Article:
My sons’ first stockings hang on the window next to ours. Each is from their first Christmas. I know this because they each say “Baby’s First Christmas.” My oldest, Adam’s is made of white felt with a red banner on top. It features a cute panda bear festooned with a red ribbon and holding a traditional candy cane. It is cute as a button. Tyler’s is blue quilted and polka dotted cotton, topped with green trim and a bit of lace. There is a wide-eyed little boy opening a present featured in the middle of the stocking. It is cute as a button too.

It is tradition that these four stockings are lined up on the window shutters. They have hung there each year for about twenty some years. And while we live in this house I do not see the tradition being broken. They are reminders of our younger selves. The innocent selves who never had to ask if Santa was real. The selves that left cookies and milk out for Santa.

My Christmas tree is in what has become its traditional corner. I do not remember when we got it, but I think its carbon footprint has been erased. (It takes 22 years for an artificial tree to earn its environmental keep I learned from a radio program I was listening to while I was decorating). Once again, if I do say so myself, it looks wonderful. It is dripping with decorations that have their own history; draped with stars on a string; lit with multi-colour lights that look like gumdrops; and topped with a gold wicker star affixed with a little sign that says: “Memories are made every Christmas.”

It is beginning to look a lot like Christmas at my house. After a few weeks of no seasonal decorations (I put away my pumpkins and other fall décor a couple of weeks ago), my house has come alive again with colours reserved for only this festive time of year. I love red and green and their Christmas cousins, gold and silver. And I must admit, a few other colours have joined the celebration—making my house a welcome hodge podge of colour with no discernible rhyme or reason.

I have dreamed of a Christmas co-ordinated beautifully with some type of theme: winter white; sparkly silver with accents of blue; and even black and gold. But the decorations I have amassed over the years do not keep to a colour scheme or theme—they are the embodiment of choices made at random and put together each year because memories are more important to me than harmonized decor.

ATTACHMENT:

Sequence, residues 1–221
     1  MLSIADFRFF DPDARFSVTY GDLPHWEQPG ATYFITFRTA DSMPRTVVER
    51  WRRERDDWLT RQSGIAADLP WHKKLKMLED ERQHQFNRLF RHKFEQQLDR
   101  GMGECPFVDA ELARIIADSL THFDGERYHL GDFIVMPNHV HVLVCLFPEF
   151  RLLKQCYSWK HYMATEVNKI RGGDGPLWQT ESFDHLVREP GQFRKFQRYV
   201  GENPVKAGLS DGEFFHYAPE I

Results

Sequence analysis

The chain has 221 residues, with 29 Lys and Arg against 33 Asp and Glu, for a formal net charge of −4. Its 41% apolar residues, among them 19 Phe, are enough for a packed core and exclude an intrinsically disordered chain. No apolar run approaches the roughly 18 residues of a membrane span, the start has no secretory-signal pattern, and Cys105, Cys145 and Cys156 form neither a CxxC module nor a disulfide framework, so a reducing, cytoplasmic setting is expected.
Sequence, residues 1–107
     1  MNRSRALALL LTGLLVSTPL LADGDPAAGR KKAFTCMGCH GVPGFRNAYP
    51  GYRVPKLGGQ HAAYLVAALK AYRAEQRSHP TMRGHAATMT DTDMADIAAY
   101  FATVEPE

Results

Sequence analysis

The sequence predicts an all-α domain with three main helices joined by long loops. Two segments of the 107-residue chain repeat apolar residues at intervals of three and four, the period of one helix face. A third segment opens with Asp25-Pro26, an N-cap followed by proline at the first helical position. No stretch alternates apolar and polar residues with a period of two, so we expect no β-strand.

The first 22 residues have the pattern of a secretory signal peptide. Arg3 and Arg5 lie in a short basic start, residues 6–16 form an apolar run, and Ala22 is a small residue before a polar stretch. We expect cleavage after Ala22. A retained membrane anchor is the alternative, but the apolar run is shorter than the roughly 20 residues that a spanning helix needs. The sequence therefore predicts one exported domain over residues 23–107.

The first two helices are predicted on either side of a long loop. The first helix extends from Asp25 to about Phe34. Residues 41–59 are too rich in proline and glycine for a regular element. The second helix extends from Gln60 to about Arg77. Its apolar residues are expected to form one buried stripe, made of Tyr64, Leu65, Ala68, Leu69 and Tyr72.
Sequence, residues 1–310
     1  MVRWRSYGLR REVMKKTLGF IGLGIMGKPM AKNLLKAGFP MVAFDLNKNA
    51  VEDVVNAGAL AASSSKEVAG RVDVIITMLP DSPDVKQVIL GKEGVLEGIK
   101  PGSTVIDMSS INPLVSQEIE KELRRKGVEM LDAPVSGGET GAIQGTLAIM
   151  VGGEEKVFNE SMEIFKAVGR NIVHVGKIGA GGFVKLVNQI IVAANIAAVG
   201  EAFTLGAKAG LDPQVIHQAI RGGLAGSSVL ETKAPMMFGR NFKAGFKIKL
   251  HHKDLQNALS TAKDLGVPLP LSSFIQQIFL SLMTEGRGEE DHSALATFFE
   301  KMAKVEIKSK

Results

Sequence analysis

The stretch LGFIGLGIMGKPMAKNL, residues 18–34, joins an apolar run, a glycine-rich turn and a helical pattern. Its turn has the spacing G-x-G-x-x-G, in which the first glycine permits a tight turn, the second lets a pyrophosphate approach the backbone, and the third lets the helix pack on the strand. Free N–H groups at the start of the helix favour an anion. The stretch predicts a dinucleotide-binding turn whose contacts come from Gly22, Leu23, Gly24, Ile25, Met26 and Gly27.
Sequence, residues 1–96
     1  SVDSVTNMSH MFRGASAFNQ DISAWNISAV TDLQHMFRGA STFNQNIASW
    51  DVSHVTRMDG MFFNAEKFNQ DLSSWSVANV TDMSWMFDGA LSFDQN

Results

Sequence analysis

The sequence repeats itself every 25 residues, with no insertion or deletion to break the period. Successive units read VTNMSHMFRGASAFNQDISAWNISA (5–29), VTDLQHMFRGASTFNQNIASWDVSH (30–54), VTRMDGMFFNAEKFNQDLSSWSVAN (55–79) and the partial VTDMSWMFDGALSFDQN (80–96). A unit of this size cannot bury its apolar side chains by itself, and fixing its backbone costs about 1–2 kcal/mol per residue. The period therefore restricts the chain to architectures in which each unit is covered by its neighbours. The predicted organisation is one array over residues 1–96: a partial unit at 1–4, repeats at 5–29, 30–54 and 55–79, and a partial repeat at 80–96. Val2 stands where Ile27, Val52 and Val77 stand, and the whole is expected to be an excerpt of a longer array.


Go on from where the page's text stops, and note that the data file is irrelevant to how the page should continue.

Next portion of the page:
Tradition lives on at my house. Sometimes it changes. Sometimes it doesn’t.

Published in: on December 7, 2015 at 2:12 pm  Comments (5)  

Visions of Sugar Plums

“…visions of sugar-plums danced in their heads….”
-Clement Clark Moore

It is the first week of December. Normally that would not be a sentence that would grab your attention. But with the mere mention of December, visions of sugar plums dance in our heads. Even if we are not quite sure what sugar plums are. Being the intrepid investigative reporter I am, I am going to reveal to you just what a sugar plum is, right after I look it up on the internet. Talk amongst yourselves for a minute, I will be back…..

Okay, I got a lot more information than I bargained for, so I will give you the definition of Sugar Plum in a nutshell. It is not a sugared plum. In fact the term has very little to do with the plum other than the fact that the first sugar plums were similar in size and shape to the fruit. I gleaned this information from an article written by Samira Kawash revealingly called “Sugar Plums: They’re Not What You Think They Are”. Kawash says that “the sugar plums of Christmas fantasy are in fact sugar” spun around a central seed of caraway or cardamom. The confections were popular in the 1800’s but have their origin in the 1600’s when the meaning was not sweet at all. If you had a mouthful of sugar plums a few centuries ago, you could be considered deceitful (meaning you spoke sweet words with a false heart).